From “The Life Of The World To Come”
by Henry Barclay Swete, 1835-1917
Eternal life is not only privilege or enjoyment. It is service, it is work. We make a great mistake if we connect with our conception of heaven the thought of rest from work. Rest from toil, from weariness, from exhaustion, yes; rest from work, from productiveness, from service, no. That abundant and increasing vitality of spirit and of body which is poured into the saints from the glorified Christ, that life from the very source of life, is not to be spent in idle harping upon harps of gold, reclining on clouds, or wandering aimlessly through the paradise of God, clad in white robes and with crowned heads. These apocalyptic pictures are symbols of bliss which passes words, but there is another side to the picture, which is too often forgotten in our anticipations of the life to come.
“They rest not day and night.” (1 Rev. 4:8)
“They serve day and night.” (Rev. 7:15)
“His servants shall do him service.” (Rev. 22:3)
The activities of the heavenly life are beyond our knowledge, as they are at present beyond our powers. From him that sits on the throne to the least of saints at his feet, all are at work.
“My Father works hitherto, and I work,” said our Lord. (1 John 1:17)
It is the law of the divine life. It is the law of all life which is worthy of the name. Here work is broken, necessarily rightly broken, by intervals of rest. God has given us the night for sleep, as he has given the day for work, and there are the longer intervals caused by sickness or enforced abstinence from work, and the last, immeasurable interval of death. To each of us “the night comes, when no man can work” (John 9:4). But beyond, in the age to come, there lie illimitable fields of work. Work without weariness, without rest, because there is no need for rest and no desire for it. Work which is rest and joy, the keen delight of overflowing vitality, perfect health, unclouded brain, untiring strength, absolute devotion.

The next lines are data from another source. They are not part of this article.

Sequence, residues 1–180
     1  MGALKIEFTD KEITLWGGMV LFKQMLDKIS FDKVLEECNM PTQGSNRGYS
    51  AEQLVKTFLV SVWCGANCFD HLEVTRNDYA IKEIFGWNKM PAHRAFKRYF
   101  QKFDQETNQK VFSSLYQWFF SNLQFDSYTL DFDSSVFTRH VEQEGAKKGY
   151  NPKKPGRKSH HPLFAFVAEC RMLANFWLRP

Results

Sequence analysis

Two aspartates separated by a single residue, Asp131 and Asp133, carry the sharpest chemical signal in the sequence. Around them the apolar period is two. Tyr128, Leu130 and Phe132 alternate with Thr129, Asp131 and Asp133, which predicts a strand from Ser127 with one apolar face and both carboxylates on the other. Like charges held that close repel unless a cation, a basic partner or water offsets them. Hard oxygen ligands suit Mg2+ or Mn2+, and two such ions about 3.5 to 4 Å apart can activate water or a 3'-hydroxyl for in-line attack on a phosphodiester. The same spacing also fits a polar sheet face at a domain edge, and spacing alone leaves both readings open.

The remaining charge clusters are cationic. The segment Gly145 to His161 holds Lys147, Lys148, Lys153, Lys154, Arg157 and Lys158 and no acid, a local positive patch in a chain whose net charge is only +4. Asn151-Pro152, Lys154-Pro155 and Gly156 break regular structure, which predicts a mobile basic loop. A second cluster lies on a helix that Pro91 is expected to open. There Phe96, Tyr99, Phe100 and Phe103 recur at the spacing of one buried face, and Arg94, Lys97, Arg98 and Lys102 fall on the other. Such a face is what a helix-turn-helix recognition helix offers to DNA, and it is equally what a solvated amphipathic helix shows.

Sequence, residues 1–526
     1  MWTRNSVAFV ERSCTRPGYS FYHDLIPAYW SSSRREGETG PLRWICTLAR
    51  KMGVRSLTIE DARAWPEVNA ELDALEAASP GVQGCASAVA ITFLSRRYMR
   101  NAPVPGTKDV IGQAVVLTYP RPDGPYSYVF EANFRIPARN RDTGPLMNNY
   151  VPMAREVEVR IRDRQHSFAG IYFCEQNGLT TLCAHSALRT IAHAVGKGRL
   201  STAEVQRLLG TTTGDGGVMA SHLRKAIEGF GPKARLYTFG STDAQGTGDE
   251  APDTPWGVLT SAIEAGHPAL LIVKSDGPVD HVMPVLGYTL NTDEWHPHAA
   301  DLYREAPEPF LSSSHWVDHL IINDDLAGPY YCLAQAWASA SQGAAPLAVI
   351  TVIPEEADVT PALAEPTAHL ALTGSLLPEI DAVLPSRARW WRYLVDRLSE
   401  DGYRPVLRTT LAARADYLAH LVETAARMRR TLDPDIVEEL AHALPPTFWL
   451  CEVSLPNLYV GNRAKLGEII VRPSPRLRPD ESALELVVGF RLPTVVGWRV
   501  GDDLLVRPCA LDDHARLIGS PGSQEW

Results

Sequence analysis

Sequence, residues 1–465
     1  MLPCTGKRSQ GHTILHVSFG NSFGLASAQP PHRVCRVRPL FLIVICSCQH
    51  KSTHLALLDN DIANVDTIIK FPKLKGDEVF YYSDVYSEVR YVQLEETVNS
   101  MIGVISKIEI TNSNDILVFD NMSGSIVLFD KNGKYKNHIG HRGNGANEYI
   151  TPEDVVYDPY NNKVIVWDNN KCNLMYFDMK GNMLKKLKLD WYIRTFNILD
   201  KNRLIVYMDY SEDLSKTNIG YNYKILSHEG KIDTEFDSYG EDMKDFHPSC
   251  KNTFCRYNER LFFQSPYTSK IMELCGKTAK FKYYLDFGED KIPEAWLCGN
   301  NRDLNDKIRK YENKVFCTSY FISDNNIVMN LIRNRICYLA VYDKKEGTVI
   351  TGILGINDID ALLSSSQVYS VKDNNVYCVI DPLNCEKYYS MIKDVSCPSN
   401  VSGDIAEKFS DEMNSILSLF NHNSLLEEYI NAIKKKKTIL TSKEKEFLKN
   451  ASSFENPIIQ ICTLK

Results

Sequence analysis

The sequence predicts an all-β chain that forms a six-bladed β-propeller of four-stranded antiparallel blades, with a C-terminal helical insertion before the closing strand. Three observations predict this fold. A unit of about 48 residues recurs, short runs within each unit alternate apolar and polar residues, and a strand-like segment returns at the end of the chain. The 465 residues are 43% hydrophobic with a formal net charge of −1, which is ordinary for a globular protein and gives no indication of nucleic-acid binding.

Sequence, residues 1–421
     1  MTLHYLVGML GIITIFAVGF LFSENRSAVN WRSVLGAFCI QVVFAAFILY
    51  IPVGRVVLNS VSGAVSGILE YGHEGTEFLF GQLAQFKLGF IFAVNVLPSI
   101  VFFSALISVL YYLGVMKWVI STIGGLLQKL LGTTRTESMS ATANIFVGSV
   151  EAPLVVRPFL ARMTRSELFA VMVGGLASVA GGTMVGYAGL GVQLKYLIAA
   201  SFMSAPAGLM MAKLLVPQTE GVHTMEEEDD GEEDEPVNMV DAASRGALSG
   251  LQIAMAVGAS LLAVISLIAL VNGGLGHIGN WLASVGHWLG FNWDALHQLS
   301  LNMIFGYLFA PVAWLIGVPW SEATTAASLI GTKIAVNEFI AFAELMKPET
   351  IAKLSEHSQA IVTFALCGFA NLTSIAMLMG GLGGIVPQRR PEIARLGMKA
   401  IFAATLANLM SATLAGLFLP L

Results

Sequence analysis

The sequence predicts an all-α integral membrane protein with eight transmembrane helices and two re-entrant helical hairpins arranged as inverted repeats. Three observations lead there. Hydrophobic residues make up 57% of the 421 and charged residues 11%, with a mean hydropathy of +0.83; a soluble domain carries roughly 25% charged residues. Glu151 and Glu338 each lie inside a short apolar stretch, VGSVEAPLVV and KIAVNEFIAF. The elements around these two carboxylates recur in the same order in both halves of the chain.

And all this work is service.
“His servants shall serve him.”
It is one of the best features of our day that so much time and thought are given by men and women to the service of humankind. Christ served humanity, “the Son of Man came not to be ministered to, but to minister,” not to be served, but to serve and even to give his life for mankind. It is Christ-like to serve man. Yet to serve God, as they will serve him in the world to come, is greater and nobler.
But let us understand what we mean by this. “Divine service” as usually understood, means the public prayers of the Church. We inherit the phrase from monasticism, which spoke of the hours of prayer as the “Opus” or “Servitium Dei” (the work or service of God). But we are mistaken if we think of the life of heaven as worship only in our sense of the word. Worship, no doubt, it will be, all of it, because in that world all work will be worship and every act will be brought into relation with God, will be a doing of his will, an offering of a free heart to him, a priestly service acceptable to God through Jesus Christ our Lord. We shall serve as priests and kings, for, to serve God, as the old collect says, is to reign. It is perfect freedom, it is royalty. To serve God without intermission in every thought and action is the highest glory and the ultimate goal of human nature.